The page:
The power of the scenic design often goes unrecognized as a key part of the storytelling in a theatrical production. The set design helps to sweep us up into a different world onstage. Rendering that onstage world starts with the production’s scenic designer. They research the script and the world of the play and imagine ways to bring audiences into the characters’ lives. For Milagros Ponce de León, an International Thespian Society alum, the process hinges on details, curiosity, and lots of hard work.

Ponce de León is an award-winning scenic designer whose work has been seen on stages across the country. Notable productions over the years include Ragtime, Sweeney Todd, Once on This Island, The Little Mermaid, Seussical, and many others. She earned an M.F.A. in Drawing and Painting and an M.F.A. in Scenic Design, both from the University of Maryland. Prior to that, she earned a B.F.A. Studio Arts in Drawing and Painting from Pontificia Universidad Católica del Perú

As a passionate educator, Milagros has taught for half her life. She is now head of the B.F.A. program in Theatre Design & Technology at Penn State University. “I love teaching. It is my way to communicate with the world and to talk about things I love, such as form, color, texture, composition, and space,” she says.

Read more about Milagros’s artistic work and perspective below.

The Power of Storytelling

I design sets for theatre productions. That means that I read plays, talk about plays, draw, sketch, paint, draft, Photoshop, build scale models, make collages, and think about color, space, and texture all the time. As a set designer, I love that I am constantly learning about new places, different periods in time, and different people and how they lived. I love that I get to do unexpected research about very specific things — like wallpaper or the history of streetlights — and get to collaborate with a lot of different people who are experts in their own fields. I love that being a set designer demands 100 percent of what I know and can do, and then some.

When I started my M.F.A. in set design, I was an international student who knew a lot about color and painting, and I had studied drawing and painting for nine years. But I had never seen theatre, read a play, or used a scale ruler. I had limited knowledge of design software, had worked in the metric system of measurement for my entire life, and didn’t know how to drive. In fact, I didn’t even own a car nor had a computer.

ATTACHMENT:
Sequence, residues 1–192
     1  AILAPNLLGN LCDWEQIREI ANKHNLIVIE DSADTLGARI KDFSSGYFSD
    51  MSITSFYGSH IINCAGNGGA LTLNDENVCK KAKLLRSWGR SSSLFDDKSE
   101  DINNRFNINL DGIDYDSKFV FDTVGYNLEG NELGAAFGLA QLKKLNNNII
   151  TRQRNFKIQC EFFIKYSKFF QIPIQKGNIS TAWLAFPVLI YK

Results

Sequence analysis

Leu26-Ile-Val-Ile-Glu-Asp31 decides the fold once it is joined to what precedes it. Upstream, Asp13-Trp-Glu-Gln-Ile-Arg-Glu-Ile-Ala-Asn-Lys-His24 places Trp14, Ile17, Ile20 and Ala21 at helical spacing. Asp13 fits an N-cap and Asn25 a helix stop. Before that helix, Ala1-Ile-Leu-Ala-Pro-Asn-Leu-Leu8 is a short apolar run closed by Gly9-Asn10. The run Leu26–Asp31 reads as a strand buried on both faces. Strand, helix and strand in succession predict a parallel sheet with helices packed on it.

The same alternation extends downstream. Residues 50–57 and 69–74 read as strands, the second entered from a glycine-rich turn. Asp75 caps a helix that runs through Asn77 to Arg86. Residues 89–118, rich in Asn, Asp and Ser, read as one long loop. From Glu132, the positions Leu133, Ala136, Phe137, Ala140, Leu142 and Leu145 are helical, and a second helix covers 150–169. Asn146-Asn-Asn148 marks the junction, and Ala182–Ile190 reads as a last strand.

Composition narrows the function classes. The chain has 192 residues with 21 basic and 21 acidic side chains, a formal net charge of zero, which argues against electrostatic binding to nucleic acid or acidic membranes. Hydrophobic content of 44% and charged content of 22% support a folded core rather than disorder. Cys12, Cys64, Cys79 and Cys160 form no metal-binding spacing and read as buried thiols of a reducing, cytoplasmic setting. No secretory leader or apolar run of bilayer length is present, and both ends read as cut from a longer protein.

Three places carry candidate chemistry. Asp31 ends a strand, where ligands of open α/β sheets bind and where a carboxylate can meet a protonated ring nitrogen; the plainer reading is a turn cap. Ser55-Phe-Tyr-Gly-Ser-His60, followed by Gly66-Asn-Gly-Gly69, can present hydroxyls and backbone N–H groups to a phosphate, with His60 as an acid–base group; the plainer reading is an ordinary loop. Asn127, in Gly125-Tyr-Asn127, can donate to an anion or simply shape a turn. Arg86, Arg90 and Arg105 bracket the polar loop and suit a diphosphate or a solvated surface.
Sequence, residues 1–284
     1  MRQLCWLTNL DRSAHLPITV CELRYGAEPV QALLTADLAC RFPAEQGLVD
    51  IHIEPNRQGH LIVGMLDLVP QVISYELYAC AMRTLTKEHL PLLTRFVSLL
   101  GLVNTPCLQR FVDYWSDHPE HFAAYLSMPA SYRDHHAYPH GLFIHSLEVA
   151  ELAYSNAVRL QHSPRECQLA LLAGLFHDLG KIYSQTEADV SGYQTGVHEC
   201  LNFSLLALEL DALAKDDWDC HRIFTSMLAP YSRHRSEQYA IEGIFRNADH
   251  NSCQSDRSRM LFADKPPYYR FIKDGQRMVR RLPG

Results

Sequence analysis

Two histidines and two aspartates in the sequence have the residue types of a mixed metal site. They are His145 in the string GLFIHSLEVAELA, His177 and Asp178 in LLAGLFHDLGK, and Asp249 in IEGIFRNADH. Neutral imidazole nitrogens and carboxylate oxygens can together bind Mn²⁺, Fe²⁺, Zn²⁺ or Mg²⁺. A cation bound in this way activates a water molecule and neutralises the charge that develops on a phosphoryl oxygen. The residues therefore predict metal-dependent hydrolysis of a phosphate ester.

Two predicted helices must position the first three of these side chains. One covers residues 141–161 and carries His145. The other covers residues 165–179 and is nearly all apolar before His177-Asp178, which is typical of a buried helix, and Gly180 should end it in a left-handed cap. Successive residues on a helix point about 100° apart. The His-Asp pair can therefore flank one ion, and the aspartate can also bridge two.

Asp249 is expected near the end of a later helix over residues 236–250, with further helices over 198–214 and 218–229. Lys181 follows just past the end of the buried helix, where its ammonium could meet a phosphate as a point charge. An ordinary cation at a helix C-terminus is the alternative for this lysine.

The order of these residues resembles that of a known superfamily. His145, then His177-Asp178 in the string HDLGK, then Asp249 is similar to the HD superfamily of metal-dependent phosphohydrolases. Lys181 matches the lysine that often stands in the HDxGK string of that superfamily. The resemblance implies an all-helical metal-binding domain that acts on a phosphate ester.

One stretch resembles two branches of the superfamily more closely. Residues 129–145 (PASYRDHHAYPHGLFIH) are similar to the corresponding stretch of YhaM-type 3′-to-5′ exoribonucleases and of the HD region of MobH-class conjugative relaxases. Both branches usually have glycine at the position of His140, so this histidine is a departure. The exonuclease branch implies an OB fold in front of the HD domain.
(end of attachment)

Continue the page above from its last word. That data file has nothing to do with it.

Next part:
My first months as a set design graduate student at University of Maryland were overwhelming, and I often asked myself if I was in the right place. Reading plays took me hours, I knew nothing about technical theatre, nor did I have the vocabulary to survive in a shop situation. Line-sets? Theatre winches? Tech? Crown molding? I knew none of that.

I had to learn from scratch, I had to learn quickly, and it was very difficult. But I also quickly realized that all my previous training in painting, drawing, and art history was the foundation I needed to become a set designer. Away from my family in Peru and the things and materials I was familiar with, theatre opened doors to things I had never experienced or imagined before. In that process, I found my voice in set design and grew as an artist.

Seeing is Believing

These photos show three different productions, along with the designer color elevations and color renderings. You can see how the visual elements created by the designer (such as form, color, line, texture, etc.) shaped the space for each featured production.

In the Heights

(ABOVE) In the Heights, Olney Theatre Center (Photo credit: Cory Pattak) Design Credits: Scenic Design by Milagros Ponce de León, Lighting Design by Cory Pattak, Costume Design by Frank Labovitz, Sound Design by Matt Rowe

(ABOVE) Into the Woods, Ford’s Theatre (Photo credit: Carol Rosegg) Scenic Design by Milagros Ponce de León, Costume Design by Wade Laboissonniere, Lighting Design by
Rui Rita, Projection Design by Clint Allen, Sound Design by David Budries

(ABOVE) Matilda the Musical, Olney Theatre Center (Photo credit: Clint Allen)
Scenic Design by Milagros Ponce de León, Projection Design by Clint Allen, Costume Design by Pei Lee, Lighting Design by Nancy Schertler, Sound Design by Roc Lee

The Artist at Work

I just designed the sets for Quixote Nuevo at Round House Theatre in Washington D.C., The Thanksgiving Play at Olney Theatre Center in Maryland, and Steel Magnolias at Everyman Theatre in Baltimore. I am currently working on The Mountaintop at Ford’s Theatre in Washington DC.

In the future I would love to work on anything by Quiara Alegría Hudes [In the Heights, Water by the Spoonful, Vivo], Stephen Sondheim [A Funny Thing Happened on the Way to the Forum, Sunday in the Park with George, Into the Woods], Lauren Gunderson [I and You, The Revolutionists, Ada and the Memory Engine] or Tarell Alvin McCraney [In the Red and Brown Water, Choir Boy, The Brothers Size]. Also, Richard III.

To see more work by Milagros Ponce de Leon visit her website. 

Natalie Clare is a Cincinnati-based writer who composes original content for brands, organizations, and publications. As a storyteller, she writes fiction and nonfiction, and she directs and produces works of film. Visit her at

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